Every auctioneer in the United States — and anywhere else for that matter — could learn something from Christie’s. Here we share with you some of their disclosures which are quite frankly difficult to find otherwise in the auction industry.
Christie’s “financial information” page discloses buyer’s premiums, financial interests, ownership, etc. This is notable because most auctioneers wouldn’t even think to disclose (other than buyer’s premiums) if they owned the item or if some back-room guarantee is being provided.
For instance, lots at Christie’s are noted with symbols to give information such as this:
- ° – Christie’s has direct financial interest in the lot
∆ – Owned by Christie’s or another Christie’s Group company in whole or part
♦ – Christie’s has a direct financial interest in the lot and has funded all or part of our interest with the help of someone else
λ – Artist’s Resale Right
• – Lot offered without reserve which will be sold to the highest bidder regardless of the pre-sale estimate in the catalogue
The complete page (as of February 1, 2019) of their financial information can be found here: https://www.christies.com/buying-services/buying-guide/financial-information/.
What lesson could auctioneers learn from Christie’s? For one, buyer’s are willing to pay notable buyer’s premiums when they feel they are receiving like-value in return. Secondly, more disclosure leads buyers to have more confidence in Christie’s.
We haven’t always found Christie’s behavior to be justifiable, as we noted here: https://mikebrandlyauctioneer.wordpress.com/2017/06/26/christies-manifestly-unreasonable-terms-and-conditions/. Yet, they seem intent on good communication.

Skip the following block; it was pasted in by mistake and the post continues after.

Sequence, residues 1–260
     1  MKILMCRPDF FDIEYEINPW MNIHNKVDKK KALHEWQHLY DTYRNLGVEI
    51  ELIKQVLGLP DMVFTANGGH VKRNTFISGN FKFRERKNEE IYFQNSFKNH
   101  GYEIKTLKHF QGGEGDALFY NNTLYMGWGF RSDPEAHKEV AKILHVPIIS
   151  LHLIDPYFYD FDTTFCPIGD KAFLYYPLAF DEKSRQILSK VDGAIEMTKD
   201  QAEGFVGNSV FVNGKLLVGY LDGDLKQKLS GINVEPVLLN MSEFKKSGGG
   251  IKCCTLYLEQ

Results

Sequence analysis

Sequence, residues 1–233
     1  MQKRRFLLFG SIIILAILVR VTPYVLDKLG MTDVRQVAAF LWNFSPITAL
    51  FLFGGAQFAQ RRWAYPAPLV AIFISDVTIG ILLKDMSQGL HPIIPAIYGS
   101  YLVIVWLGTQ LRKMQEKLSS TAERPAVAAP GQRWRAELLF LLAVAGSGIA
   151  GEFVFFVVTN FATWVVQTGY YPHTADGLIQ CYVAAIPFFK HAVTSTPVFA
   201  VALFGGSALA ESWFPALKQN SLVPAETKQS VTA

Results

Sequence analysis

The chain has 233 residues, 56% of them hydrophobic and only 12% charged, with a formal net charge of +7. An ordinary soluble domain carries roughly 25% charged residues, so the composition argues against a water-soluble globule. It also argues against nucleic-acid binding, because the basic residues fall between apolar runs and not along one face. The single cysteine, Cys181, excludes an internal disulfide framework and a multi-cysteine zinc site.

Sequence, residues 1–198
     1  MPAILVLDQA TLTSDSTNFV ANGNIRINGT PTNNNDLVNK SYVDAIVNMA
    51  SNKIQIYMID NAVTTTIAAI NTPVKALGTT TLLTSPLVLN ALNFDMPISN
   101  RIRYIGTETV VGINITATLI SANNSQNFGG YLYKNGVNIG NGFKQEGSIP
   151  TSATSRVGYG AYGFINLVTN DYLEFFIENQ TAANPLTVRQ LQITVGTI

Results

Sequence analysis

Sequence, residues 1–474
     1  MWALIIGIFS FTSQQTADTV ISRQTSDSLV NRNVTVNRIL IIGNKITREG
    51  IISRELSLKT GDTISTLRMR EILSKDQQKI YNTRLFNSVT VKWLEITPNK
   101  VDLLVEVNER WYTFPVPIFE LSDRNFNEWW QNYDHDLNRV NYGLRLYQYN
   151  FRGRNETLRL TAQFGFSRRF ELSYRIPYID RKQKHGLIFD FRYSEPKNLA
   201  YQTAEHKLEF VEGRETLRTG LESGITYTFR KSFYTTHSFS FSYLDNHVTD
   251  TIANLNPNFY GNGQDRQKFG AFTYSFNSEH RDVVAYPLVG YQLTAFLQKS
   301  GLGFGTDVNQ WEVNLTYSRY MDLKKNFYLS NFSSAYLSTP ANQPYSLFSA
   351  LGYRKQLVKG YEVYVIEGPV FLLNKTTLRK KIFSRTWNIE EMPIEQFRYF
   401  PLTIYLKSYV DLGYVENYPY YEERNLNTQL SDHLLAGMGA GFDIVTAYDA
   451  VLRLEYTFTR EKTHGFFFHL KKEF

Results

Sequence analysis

Nonetheless, is more disclosure coming to commerce generally? To some degree — yes — but retail otherwise is usually sans buyer’s premiums. Yet, there does seem to be a correlation between service fees and buyer expectations.
Finally, are buyer’s premiums going away any time soon? I doubt it. However, are buyers sensitive to disclosure, terms, conditions and fees as well as time necessary to complete the transaction? They are especially so.
Mike Brandly, Auctioneer, CAI, CAS, AARE has been an auctioneer and certified appraiser for over 30 years. His company’s auctions are located at: Mike Brandly, Auctioneer, RES Auction Services and Goodwill Columbus Car Auction. He serves as Distinguished Faculty at Hondros College, Executive Director of The Ohio Auction School, an Instructor at the National Auctioneers Association’s Designation Academy and America’s Auction Academy. He is faculty at the Certified Auctioneers Institute held at Indiana University and is approved by the The Supreme Court of Ohio for attorney education.